NBA Blocks, Bricks and Buckets: Recapping the Original Reality TV Show
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I heard someone once refer to sporting events as the original reality TV.
The Association is full of drama, letdowns, sex, lies and videotape. Sure, you won't see Snooki suiting up with the New Jersey Nets anytime soon, but is that really such a bad thing?
With that in mind, the following is a quick recap of some of the things that caught my eye recently while watching NBA Shore. The original, and still best, reality TV show ever.
Is it just me or do those back to the future NBA commercials creep anyone else out? At first, I admit to not even understanding what was going on. Wait, that's Amar'e, but he's a kid and some guy is there talking to him, WAAAAA?
That one with the little kid creeping on Stephen Curry is just...odd. Isn't it?
The Clippers can't buy a break this year. Just when they get everyone back healthy, they trade who most thought was an untradeable player and have momentum thanks to Blake Griffin's All-Star weekend, it all comes crashing down on Eric Gordon's wrist.
Clipper Curse? Bad Karma? Nah, just bad luck, but the Clippers sure seem to own lots of land in bad-luckville.
What Kevin Love is doing in Minnesota is pretty remarkable. It's odd to see his name among basketball's greatest players including Mose Malone, Kareem Abdul-Jabbar, Wilt Chamberlain and more. For all his game though, it just feels like there is something missing. He's good, great even, but just not a star.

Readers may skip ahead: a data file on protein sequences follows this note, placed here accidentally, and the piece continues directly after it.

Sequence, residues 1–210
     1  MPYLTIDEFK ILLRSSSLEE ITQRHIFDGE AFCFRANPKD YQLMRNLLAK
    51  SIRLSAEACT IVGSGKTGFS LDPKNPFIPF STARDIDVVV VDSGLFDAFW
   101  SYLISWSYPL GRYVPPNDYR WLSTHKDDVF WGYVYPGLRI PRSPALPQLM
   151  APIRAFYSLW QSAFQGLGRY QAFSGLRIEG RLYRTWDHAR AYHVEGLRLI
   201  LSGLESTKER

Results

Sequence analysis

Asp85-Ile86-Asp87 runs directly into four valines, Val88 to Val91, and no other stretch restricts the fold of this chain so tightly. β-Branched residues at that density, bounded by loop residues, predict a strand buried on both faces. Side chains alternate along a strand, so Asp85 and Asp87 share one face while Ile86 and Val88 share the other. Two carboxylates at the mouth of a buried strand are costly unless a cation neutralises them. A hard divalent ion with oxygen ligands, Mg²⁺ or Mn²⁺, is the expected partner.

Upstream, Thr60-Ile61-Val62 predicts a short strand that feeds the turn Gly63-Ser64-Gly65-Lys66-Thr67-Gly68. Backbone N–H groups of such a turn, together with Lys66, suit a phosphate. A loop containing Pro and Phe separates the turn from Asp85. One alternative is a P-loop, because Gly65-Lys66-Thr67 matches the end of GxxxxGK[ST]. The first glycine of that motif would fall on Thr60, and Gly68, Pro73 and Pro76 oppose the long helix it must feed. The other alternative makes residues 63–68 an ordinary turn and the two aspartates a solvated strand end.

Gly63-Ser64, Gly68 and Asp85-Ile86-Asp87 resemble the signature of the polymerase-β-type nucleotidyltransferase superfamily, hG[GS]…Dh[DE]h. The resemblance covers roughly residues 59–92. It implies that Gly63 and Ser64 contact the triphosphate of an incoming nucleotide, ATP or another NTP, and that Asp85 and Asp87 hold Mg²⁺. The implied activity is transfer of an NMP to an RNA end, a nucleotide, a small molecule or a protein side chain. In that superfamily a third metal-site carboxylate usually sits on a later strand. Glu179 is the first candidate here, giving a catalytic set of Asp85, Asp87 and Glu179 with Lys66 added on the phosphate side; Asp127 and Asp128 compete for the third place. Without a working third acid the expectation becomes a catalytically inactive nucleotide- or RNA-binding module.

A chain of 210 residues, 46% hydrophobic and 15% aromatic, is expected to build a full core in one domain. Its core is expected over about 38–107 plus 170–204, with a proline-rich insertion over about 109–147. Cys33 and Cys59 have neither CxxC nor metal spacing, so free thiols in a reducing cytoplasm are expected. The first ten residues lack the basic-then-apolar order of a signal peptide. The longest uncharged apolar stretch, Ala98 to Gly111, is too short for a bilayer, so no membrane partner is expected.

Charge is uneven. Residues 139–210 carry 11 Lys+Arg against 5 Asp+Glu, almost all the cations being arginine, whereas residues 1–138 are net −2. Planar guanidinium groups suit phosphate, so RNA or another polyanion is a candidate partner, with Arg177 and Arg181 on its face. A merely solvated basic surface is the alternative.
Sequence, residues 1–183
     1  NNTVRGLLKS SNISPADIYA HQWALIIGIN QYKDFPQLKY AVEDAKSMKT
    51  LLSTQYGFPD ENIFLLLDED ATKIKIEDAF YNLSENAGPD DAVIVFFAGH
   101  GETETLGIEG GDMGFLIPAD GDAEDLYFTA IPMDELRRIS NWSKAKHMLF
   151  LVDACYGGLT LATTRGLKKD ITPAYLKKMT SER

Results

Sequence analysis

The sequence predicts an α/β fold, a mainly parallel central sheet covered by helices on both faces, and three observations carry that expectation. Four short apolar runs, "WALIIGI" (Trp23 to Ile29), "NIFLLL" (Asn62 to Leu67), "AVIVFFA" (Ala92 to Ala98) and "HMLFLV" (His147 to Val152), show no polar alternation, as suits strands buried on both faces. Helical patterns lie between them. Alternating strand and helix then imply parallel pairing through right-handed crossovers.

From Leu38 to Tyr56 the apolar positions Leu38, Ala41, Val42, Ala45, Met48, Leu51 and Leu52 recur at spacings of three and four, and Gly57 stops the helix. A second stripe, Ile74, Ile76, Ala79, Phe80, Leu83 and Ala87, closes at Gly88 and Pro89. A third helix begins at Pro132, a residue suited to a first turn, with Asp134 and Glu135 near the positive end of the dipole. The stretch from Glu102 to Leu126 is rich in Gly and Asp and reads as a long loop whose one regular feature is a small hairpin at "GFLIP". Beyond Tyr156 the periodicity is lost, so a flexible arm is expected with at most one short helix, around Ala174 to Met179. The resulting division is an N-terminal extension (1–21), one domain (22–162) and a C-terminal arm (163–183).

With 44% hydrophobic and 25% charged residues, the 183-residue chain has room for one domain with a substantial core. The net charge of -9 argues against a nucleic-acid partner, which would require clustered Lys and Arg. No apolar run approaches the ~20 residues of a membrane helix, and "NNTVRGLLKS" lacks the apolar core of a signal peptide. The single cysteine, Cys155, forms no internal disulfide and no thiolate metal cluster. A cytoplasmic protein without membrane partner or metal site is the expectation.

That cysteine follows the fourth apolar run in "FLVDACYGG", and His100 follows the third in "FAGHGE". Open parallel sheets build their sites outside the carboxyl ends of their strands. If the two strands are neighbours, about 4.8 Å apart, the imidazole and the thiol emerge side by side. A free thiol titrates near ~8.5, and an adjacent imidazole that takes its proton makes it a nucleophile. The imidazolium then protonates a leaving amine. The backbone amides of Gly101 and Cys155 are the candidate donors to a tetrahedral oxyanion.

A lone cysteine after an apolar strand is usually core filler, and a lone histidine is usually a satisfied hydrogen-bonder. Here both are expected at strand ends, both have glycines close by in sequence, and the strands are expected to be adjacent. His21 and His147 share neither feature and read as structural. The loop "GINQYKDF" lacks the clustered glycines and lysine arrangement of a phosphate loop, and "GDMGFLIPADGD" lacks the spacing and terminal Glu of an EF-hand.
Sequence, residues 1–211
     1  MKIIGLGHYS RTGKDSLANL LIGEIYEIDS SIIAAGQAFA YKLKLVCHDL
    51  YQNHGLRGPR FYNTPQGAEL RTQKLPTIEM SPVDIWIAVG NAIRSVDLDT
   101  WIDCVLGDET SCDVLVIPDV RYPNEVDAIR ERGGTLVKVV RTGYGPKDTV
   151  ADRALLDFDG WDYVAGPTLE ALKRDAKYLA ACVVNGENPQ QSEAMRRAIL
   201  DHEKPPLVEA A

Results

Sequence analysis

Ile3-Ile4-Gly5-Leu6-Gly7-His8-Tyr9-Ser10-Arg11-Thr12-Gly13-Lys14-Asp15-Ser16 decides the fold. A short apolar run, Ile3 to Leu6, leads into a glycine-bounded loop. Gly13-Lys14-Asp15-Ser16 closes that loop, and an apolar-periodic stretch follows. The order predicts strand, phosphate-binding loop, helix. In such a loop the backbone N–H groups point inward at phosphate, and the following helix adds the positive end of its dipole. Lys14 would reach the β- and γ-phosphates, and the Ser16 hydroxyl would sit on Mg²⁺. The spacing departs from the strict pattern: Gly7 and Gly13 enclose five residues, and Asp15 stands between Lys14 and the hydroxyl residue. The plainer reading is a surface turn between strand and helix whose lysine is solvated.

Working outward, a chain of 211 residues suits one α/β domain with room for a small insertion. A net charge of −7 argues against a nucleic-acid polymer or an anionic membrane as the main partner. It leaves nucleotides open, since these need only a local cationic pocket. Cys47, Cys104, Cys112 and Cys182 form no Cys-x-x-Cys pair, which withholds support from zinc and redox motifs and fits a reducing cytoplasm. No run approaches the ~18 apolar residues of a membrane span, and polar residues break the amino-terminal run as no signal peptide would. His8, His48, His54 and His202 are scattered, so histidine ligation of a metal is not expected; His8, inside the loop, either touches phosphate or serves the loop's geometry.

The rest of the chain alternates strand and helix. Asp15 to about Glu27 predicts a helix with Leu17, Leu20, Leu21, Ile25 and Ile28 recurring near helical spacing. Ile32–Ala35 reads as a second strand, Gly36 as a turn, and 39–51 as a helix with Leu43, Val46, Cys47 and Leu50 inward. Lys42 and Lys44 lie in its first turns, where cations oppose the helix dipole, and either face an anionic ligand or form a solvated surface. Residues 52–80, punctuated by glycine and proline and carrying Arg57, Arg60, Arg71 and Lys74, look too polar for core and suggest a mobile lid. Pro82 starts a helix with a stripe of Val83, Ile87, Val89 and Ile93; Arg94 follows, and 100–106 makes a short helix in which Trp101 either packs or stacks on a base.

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The East might be stockpiling the best players, but the best teams are still in the West.
Chicago Bulls vs. Los Angeles Lakers in the NBA Finals is looking pretty possible today.
How intriguing would that Finals matchup be?
Phil Jackson going for his sixth championship with the Lakers against the team he has already won six with. Derrick Rose on the big stage for the first time, Kobe there for the eighth time.
That Finals might even put last year's Celtics vs. Lakers ratings to shame.
Speaking of the Lakers, if they do have a "switch," it's on.
The Miami Heat are 1-8 against the NBA's best teams. What's worse is that the team is treating their recent loses like the world is crumbling. Good teams understand that every team goes through good and bad times. The Heat wanted the "bad-guy" moniker, but they have no idea how to handle the pressures that come with it.
The NBA"s best "bad boy" team was the Detroit Pistons. No other team is even close.
Miami is another year, a bench, reliable point guard and MAYBE a coach away from moving past the first few rounds of the NBA playoffs.
The Celtics were active during the trading deadline. Very active. Maybe, overactive. If Shaq doesn't come back soon, their gutsy trade of Kendrick Perkins is going to look pretty bad. Really bad.
The Clippers are a playoff contender next year. Don't snicker, its a sure thing.
Speaking of sure things, Derrick Rose is the MVP and Blake Griffin is the ROY. I know, stop the presses huh?
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